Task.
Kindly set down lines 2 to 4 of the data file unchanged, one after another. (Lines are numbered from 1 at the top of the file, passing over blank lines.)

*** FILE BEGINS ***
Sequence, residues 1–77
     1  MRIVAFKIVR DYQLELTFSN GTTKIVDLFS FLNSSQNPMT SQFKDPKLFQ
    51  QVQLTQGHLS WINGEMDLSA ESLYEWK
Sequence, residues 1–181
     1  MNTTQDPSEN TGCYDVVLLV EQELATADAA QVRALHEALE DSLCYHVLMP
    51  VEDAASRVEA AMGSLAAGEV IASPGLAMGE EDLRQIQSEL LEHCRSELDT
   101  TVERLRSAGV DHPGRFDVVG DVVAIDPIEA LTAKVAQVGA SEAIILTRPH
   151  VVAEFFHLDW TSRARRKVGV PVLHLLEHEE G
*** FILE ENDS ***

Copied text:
     1  MRIVAFKIVR DYQLELTFSN GTTKIVDLFS FLNSSQNPMT SQFKDPKLFQ
    51  QVQLTQGHLS WINGEMDLSA ESLYEWK
Sequence, residues 1–181